10 September 2019

1 Kings 11

King Solomon, however, loved many foreign women besides Pharaoh’s daughter – Moabites, Ammonites, Edomites, Sidonians and Hittites. They were from nations about which the Lord had told the Israelites, ‘You must not intermarry with them, because they will surely turn your hearts after their gods.’ Nevertheless, Solomon held fast to them in love. He had seven hundred wives of royal birth and three hundred concubines, and his wives led him astray. As Solomon grew old, his wives turned his heart after other gods, and his heart was not fully devoted to the Lord his God, as the heart of David his father had been. He followed Ashtoreth the goddess of the Sidonians, and Molek the detestable god of the Ammonites. So Solomon did evil in the eyes of the Lord; he did not follow the Lord completely, as David his father had done.
On a hill east of Jerusalem, Solomon built a high place for Chemosh the detestable god of Moab, and for Molek the detestable god of the Ammonites. He did the same for all his foreign wives, who burned incense and offered sacrifices to their gods.
The Lord became angry with Solomon because his heart had turned away from the Lord, the God of Israel, who had appeared to him twice. 10 Although he had forbidden Solomon to follow other gods, Solomon did not keep the Lord’s command. 11 So the Lord said to Solomon, ‘Since this is your attitude and you have not kept my covenant and my decrees, which I commanded you, I will most certainly tear the kingdom away from you and give it to one of your subordinates. 12 Nevertheless, for the sake of David your father, I will not do it during your lifetime. I will tear it out of the hand of your son. 13 Yet I will not tear the whole kingdom from him, but will give him one tribe for the sake of David my servant and for the sake of Jerusalem, which I have chosen.’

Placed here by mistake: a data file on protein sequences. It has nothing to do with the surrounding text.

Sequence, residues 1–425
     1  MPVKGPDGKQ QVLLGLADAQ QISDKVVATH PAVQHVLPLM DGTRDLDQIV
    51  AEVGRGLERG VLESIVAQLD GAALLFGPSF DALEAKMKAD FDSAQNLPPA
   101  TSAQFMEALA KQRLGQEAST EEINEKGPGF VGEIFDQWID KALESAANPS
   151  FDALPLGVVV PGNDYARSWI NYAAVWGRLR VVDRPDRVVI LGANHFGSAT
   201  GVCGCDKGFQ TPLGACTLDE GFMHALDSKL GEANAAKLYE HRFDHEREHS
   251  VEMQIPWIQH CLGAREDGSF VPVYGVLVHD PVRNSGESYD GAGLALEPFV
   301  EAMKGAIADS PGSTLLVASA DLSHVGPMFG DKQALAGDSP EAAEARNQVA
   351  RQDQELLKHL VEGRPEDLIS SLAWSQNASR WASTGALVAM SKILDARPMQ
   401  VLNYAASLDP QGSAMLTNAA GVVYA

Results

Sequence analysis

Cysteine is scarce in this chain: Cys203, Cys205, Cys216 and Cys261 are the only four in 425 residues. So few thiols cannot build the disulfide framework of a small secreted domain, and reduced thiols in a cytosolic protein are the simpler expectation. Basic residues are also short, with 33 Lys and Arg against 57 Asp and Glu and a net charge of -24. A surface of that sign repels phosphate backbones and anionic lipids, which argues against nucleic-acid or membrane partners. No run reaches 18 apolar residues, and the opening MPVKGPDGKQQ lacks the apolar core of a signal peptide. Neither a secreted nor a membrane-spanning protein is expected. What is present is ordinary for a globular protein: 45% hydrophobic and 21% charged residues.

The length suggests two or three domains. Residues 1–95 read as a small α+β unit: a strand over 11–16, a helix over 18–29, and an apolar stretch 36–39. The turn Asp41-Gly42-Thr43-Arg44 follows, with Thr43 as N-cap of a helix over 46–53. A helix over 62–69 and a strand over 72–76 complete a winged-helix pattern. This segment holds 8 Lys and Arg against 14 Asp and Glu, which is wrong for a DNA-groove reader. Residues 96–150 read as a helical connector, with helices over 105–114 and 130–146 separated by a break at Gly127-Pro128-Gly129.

Solomon’s adversaries
14 Then the Lord raised up against Solomon an adversary, Hadad the Edomite, from the royal line of Edom. 15 Earlier when David was fighting with Edom, Joab the commander of the army, who had gone up to bury the dead, had struck down all the men in Edom. 16 Joab and all the Israelites stayed there for six months, until they had destroyed all the men in Edom. 17 But Hadad, still only a boy, fled to Egypt with some Edomite officials who had served his father. 18 They set out from Midian and went to Paran. Then taking people from Paran with them, they went to Egypt, to Pharaoh king of Egypt, who gave Hadad a house and land and provided him with food.